Melanie Veness: Business offers to buy port equipment to end backlog crisis

The private sector has offered the pay for much needed equipment to resolve the massive backlog at South African ports. Melanie Veness, the Chair of the Association of South African Chambers, tells BizNews that this is one of the proposed interventions to end the crisis that “is destroying our economy”.  She says: “…it’s in our interest to do it… it’s not a great scenario, but it is where we are. And we would rather step up and buy the equipment and get the ports operating than live with the situation that we currently have. So, we’ve got to get it right. That’s the bottom line, or we all don’t survive.” The drastic move comes from a “gatvol” private sector: “…we are saying that it’s gone on long enough. We cannot continue any longer. We’ve reached crisis point now. We are very happy to play a significant role in resolving this crisis.” – Chris Steyn

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Relevant timestamps from the interview

  • 00:00 – Introductions
  • 00:30 – How many containers are still stuck?
  • 00:51 – Other ports
  • 03:13 – How long until the ports are cleared?
  • 06:45 – Bad weather at the Durban port
  • 07:42 – Is business solving this issue?
  • 08:38 – Business having to buy the equipment
  • 09:17 – How strongly do you doubt that the economy will recover?
  • 10:16 – Conclusions

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Highlights from the interview

The private sector has offered the pay for much needed equipment to resolve the massive backlog at South African ports.

Melanie Veness, the Chair of the Association of South African Chambers, tells BizNews that this is one of the proposed interventions to end the crisis that “is destroying our economy”. 

“…it’s in our interest to do it… it’s not a great scenario, but it is where we are. And we would rather step up and buy the equipment and get the ports operating than live with the situation that we currently have. So, we’ve got to get it right.  That’s the bottom line, or we all don’t survive.”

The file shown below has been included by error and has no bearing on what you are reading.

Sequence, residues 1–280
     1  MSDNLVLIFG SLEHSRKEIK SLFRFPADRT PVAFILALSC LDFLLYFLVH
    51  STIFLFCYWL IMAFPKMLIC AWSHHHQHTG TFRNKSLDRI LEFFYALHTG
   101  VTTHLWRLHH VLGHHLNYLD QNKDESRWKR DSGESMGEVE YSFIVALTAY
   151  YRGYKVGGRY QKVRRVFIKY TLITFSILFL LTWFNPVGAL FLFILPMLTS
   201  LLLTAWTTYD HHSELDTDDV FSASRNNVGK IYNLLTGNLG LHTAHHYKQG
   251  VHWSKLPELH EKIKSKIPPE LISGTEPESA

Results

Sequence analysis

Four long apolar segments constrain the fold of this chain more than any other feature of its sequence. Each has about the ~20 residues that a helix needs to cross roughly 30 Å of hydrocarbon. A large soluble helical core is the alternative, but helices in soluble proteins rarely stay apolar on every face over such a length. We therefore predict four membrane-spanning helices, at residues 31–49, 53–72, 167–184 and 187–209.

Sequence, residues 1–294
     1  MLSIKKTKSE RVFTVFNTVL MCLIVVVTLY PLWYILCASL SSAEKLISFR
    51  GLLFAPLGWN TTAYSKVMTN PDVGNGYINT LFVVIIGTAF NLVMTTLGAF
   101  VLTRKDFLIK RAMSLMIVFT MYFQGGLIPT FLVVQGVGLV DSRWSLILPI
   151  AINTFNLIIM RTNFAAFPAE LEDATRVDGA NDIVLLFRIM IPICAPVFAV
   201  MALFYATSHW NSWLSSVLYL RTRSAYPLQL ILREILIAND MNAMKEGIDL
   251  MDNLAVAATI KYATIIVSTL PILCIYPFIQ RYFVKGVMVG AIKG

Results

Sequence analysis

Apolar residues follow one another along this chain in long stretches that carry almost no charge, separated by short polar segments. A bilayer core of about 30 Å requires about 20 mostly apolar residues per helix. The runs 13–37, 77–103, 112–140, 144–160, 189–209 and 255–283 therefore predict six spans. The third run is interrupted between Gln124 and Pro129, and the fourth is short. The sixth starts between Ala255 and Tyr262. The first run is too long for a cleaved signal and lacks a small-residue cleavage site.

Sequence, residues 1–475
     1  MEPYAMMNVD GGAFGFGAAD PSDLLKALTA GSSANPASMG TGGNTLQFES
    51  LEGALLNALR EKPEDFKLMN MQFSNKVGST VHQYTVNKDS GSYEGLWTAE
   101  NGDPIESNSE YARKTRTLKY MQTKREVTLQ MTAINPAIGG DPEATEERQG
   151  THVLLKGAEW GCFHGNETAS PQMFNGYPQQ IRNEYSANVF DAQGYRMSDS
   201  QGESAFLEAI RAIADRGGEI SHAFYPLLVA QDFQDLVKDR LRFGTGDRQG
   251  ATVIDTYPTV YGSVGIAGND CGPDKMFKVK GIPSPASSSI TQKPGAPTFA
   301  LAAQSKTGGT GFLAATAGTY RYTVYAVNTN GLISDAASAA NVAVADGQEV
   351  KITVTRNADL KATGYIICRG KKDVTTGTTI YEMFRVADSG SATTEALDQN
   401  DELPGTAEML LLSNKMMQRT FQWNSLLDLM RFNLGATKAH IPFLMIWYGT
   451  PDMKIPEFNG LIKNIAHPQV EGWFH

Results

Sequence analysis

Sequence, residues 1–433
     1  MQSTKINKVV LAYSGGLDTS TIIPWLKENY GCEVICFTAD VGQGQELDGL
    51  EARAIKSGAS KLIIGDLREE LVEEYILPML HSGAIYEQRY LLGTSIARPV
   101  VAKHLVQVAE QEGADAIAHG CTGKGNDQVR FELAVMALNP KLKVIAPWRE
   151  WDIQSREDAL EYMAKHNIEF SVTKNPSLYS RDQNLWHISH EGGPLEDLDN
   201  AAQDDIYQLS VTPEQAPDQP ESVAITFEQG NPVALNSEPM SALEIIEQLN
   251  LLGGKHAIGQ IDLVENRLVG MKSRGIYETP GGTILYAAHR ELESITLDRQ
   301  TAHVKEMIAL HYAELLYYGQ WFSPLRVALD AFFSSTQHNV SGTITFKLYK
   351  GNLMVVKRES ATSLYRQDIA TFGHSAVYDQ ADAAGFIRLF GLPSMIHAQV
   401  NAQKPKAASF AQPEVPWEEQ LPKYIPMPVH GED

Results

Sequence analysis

Veness says while efficiency in the port is obviously the most critical issue, “the thing that’s holding us back” is equipment failure.

“We don’t have sufficient equipment. We’ve got equipment breakdowns on a regular basis, and they’re not being repaired fast enough.”

That is why the private sector “stepped up and said, we’ll buy the equipment and you can pay us off over a period of time, deduct it from our bills or whatever the situation might be so that we can get this working”. 

She says Transnet has now issued a tender for some upfront capital with a long-term payment plan.  “So I believe that closes today, as far as I understand it. 

“A real request and plea to Transnet is that they deal very swiftly with awarding that tender so we can get going with this process of procuring the necessary equipment to get the ports operating efficiently again. 

“So if they do act quickly, maybe we can start next year on a more positive note. We’re hopeful of that. 

“So there’s some hope at the end of the tunnel. I think that if we all pull together and they allow the private sector intervention and assistance that is being offered – it’s in South Africa’s interest to do so – then hopefully we will start to see some improvements in their efficiencies, particularly at our ports.”

The drastic move comes from a “gatvol” private sector. “…we are saying that it’s gone on long enough. We cannot continue any longer. We’ve reached crisis point now. We are very happy to play a significant role in resolving this crisis. It’s in both of our interests to do so. And where there are challenges that it’s difficult for government to overcome, we will step up. 

“I mean, there’s nobody that knows this industry or how to better manage a port than the industry itself. So…let’s pool our resources, let’s look at the good, the bad and the ugly, find out where the problems are and together solve them. We’re willing to step up and be part of the solution. 

“So, yeah, we’re hopeful that with the engagements that we’ve had, it seems government is receptive. So, yeah, we’d like to see that happen with speed.”

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